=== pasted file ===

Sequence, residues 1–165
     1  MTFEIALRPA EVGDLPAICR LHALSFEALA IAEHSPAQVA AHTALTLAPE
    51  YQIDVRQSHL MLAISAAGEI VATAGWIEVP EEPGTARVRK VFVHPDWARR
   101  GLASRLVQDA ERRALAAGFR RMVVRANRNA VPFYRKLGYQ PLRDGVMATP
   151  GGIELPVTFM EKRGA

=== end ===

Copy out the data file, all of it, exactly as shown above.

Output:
Sequence, residues 1–165
     1  MTFEIALRPA EVGDLPAICR LHALSFEALA IAEHSPAQVA AHTALTLAPE
    51  YQIDVRQSHL MLAISAAGEI VATAGWIEVP EEPGTARVRK VFVHPDWARR
   101  GLASRLVQDA ERRALAAGFR RMVVRANRNA VPFYRKLGYQ PLRDGVMATP
   151  GGIELPVTFM EKRGA